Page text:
Marois remains cagey on referendum timetable during debate
Parti Quebecois Leader Pauline Marois. (DIDIER DEBUSSCHERE/QMI Agency)
MONTREAL - Parti Quebecois Leader Pauline Marois refused to be boxed in on her timetable for a sovereignty referendum on Thursday during the first leaders' debate of the campaign.
The premier refused to say if she would hold a plebiscite to break up Canada should voters give the PQ a majority on April 7.
Her former separatist colleague, Francois Legault, who now runs the breakaway centre-right CAQ party, pressed Marois on the unity question but she didn't bite.
"No, there will not be any referendum ... so long as Quebecers are not ready," she repeated more than once.
"There will not be any tomorrow," she said at another point. "And it will not be in secret, you know very well.
"Are we holding a referendum election? No. This is an election to choose a government."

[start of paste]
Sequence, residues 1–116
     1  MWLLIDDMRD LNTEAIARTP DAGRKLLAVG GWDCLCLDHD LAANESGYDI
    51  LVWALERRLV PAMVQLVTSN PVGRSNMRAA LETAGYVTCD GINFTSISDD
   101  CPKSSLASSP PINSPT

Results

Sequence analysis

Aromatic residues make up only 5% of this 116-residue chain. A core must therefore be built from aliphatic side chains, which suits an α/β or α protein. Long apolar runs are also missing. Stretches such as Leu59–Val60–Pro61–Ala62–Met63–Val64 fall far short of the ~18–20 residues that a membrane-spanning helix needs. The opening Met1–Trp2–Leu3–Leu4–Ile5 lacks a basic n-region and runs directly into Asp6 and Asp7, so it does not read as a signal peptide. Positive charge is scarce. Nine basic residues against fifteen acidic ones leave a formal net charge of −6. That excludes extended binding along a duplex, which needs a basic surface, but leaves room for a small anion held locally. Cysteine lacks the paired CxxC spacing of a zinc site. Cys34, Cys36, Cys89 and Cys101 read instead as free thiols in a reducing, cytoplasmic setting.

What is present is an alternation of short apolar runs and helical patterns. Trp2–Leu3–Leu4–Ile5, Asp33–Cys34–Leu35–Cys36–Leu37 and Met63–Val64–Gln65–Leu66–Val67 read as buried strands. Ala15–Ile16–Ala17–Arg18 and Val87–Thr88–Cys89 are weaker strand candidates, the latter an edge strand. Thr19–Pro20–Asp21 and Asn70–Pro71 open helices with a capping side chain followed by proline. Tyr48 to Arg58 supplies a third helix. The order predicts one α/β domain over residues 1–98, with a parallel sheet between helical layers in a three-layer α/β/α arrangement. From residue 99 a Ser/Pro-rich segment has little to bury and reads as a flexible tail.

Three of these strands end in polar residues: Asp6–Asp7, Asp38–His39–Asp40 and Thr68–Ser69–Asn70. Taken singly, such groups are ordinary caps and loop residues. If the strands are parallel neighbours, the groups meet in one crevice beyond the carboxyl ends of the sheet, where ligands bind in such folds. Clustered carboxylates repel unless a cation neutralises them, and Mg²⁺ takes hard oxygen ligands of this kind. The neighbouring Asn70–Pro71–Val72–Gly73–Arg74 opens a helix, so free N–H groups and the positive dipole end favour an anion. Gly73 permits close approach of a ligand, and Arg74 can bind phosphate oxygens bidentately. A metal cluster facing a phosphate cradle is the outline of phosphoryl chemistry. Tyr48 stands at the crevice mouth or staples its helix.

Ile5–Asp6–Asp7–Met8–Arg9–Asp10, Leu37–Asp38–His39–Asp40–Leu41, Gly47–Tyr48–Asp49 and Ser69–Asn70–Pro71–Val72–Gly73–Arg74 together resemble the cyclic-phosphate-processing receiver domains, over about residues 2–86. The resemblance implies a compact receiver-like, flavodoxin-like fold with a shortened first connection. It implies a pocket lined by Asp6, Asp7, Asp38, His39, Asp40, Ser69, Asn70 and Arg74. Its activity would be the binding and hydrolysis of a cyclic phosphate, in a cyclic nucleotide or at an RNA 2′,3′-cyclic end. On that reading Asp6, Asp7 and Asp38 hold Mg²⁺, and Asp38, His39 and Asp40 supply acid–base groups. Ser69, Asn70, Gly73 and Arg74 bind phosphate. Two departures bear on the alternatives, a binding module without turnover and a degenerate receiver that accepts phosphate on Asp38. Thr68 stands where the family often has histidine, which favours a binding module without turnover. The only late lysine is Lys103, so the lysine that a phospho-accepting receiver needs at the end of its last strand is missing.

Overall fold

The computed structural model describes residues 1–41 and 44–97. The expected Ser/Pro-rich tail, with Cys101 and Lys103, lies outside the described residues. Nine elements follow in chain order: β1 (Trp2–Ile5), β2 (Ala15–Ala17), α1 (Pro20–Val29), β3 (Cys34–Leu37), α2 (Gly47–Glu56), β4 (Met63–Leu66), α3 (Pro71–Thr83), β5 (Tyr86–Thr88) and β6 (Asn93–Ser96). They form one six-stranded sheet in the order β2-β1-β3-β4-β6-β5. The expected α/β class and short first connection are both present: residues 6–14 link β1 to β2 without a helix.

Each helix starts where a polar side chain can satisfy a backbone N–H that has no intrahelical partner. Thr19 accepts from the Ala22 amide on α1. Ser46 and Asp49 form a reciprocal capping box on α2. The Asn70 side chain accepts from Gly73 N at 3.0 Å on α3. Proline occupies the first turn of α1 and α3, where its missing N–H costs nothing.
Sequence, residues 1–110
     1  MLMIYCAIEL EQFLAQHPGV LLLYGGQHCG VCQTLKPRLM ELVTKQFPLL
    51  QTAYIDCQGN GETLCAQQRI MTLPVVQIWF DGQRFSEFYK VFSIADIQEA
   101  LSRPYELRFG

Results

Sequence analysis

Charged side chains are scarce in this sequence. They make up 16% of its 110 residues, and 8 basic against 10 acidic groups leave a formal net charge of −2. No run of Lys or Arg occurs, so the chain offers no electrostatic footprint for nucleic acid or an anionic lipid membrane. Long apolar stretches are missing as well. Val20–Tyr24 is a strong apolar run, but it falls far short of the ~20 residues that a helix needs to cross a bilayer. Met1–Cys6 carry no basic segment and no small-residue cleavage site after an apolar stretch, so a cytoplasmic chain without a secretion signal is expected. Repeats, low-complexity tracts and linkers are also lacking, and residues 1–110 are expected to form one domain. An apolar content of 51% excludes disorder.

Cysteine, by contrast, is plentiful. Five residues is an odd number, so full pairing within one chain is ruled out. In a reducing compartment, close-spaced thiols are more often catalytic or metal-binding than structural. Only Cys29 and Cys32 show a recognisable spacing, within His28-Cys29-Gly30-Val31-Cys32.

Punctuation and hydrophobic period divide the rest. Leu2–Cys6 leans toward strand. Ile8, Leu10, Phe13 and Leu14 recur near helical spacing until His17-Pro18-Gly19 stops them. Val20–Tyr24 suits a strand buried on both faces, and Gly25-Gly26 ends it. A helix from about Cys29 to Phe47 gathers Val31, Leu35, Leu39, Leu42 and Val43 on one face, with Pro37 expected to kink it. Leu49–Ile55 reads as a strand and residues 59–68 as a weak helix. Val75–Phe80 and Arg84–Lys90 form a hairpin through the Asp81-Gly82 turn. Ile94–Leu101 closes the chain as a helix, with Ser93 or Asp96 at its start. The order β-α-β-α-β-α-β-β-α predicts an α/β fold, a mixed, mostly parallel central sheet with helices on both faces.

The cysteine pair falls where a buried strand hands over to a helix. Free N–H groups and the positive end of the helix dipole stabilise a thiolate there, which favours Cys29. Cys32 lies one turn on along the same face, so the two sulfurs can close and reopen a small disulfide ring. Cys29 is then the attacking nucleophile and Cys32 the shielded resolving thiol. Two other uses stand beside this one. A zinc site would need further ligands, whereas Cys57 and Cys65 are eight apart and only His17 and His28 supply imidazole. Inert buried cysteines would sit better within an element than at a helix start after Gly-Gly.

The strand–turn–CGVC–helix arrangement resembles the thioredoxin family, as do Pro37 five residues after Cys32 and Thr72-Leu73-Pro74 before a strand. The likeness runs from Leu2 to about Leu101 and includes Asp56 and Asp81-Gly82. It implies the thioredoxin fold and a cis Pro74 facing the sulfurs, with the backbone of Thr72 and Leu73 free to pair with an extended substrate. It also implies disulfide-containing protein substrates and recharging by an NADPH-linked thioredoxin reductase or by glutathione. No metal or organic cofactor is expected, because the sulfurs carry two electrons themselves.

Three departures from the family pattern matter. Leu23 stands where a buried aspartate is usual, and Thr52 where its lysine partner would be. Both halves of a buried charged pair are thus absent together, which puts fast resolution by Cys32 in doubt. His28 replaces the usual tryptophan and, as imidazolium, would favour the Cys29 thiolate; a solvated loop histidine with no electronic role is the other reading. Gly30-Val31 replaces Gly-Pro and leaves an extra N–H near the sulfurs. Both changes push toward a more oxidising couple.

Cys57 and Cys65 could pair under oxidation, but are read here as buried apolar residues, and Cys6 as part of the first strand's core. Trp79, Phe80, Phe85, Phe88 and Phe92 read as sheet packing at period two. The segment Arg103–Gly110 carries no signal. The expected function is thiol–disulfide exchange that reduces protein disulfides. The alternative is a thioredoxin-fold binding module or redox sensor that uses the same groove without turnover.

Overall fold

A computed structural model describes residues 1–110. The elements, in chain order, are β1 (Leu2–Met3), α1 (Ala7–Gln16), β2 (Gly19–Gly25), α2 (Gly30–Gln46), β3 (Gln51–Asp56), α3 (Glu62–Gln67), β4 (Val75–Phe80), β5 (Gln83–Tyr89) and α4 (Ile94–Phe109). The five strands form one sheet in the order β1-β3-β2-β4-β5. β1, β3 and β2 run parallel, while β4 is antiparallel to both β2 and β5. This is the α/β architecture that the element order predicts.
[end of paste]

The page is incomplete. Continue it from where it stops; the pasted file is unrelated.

Polls have indicated support for sovereignty is flat and Marois largely avoided talking about sovereignty while leading her short-lived minority government.
But the issue came back to the fore when Marois' star candidate, former Quebecor tycoon Pierre Karl Peladeau, joined the PQ earlier this month by declaring "I am a sovereigntist."
Peladeau also said he's running for the PQ to "help give his three children a country that they can be proud of."
The debate also became heated Thursday over the issue of the PQ's proposed secularism charter that would bar public servants from wearing religious symbols at work.
Liberal Leader Philippe Couillard, whose party crept ahead of the PQ in the polls last week, asked Marois how many women would be fired from hospitals if the charter is passed.
Marois was quick to remind Couillard that he tossed Liberal member Fatima Houda-Pepin from his caucus last month for supporting the PQ proposal that Couillard opposes.
"I only know one woman who lost her job (because of the charter) and that's (Pepin)," Marois said.